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Will the rush to pass Egypt's constitution render it hollow? (+video)

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While imperfect or contested constitutions often become workable documents, "This is going to be seen by its opponents as born in such grievous sin that I cannot imagine any kind of legitimate political system arising out of it anytime soon," he says. "It may be a workable one … But it's one in which large portions of the political spectrum will feel politically excluded."

Delay for a stable democracy?

Hours after voting was scheduled to start, an Egyptian newspaper published what it claimed was a copy of the final draft to be voted on today, giving Egyptians the first chance to read what is likely to become their next constitution. The assembly finally began voting on the document in the afternoon, in a process that will take hours as the committee votes separately on each of the 234 articles.

Officials in the Muslim Brotherhood and its political wing the Freedom and Justice Party, which Morsi headed before he ran for president, indicated that they made the surprise move of rushing the constitution through because they feared a counterattack by Egypt's judiciary. Such a move would possibly delegitimize the constitution drafting process, seek to strip Morsi of some of his power, and delay Egypt's transition to a stable democracy with a constitution and elected parliament in place. 

Egypt's Supreme Constitutional Court announced yesterday it would go ahead with a Dec. 2 hearing of a case that sought to disband the constituent assembly. This is the second iteration of the body; the first was dissolved by a court after secular and liberal members complained it was dominated by Islamists – one of the same complaints they have today. Egypt's top appeals court also joined lower courts in Egypt in a strike, giving a powerful boost to the judiciary's revolt against Morsi's decree sidestepping their authority.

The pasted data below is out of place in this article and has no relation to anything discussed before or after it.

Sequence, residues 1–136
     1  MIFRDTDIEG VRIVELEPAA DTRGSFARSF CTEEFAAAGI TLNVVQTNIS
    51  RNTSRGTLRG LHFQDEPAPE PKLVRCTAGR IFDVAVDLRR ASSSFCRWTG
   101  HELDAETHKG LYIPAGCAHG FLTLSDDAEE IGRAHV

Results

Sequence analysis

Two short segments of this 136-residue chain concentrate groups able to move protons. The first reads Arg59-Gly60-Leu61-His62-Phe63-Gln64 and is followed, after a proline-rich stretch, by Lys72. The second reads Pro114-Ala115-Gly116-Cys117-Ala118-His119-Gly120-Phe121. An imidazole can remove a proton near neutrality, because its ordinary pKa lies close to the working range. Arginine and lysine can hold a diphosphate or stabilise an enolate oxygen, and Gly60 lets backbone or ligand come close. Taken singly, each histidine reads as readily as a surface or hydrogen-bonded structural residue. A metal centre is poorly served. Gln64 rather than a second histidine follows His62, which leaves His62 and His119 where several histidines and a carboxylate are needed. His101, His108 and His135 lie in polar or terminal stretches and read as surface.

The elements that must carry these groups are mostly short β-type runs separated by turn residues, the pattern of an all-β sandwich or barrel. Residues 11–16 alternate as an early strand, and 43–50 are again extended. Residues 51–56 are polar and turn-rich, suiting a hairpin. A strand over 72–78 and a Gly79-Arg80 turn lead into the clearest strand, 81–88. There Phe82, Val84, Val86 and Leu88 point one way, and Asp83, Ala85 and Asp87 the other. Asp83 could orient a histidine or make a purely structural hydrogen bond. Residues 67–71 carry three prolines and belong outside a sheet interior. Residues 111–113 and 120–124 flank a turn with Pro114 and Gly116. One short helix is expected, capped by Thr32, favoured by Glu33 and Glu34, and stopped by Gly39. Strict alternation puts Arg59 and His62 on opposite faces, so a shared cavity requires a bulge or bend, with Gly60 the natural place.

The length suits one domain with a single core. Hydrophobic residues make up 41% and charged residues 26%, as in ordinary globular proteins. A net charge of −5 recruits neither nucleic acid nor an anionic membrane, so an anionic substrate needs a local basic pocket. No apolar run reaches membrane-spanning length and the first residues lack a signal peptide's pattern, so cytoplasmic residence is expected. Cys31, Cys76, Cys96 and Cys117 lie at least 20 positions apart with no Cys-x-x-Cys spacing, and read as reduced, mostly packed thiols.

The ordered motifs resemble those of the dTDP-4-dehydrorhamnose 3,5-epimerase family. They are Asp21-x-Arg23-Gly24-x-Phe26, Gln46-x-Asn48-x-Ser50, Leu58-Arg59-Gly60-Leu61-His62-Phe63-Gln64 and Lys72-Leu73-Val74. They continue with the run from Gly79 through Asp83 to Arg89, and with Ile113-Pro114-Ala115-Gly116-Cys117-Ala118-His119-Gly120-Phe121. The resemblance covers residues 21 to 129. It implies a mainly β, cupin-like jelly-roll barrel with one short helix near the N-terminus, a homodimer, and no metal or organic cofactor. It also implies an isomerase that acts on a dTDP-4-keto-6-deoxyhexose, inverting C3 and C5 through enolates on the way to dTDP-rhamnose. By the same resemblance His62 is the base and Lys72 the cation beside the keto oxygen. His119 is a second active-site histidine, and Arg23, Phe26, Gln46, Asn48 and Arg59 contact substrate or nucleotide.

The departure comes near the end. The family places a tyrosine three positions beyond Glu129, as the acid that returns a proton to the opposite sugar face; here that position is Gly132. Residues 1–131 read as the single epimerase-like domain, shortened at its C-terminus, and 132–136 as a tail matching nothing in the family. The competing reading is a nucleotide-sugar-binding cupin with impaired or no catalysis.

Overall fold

Shadi Hamid, director of research at the Brookings Doha Center, says the FJP and Muslim Brotherhood leaders also believed that the a court was preparing to rule against another constitutional decree that President Morsi made in August that put legislative power, claimed by the military after the elected parliament was dissolved, in his own hands. An attempt to reverse that decree would bring the military back into a direct political role. Their decision indicates the president and his allies still fear the judiciary, despite Morsi's decree sidelining them.

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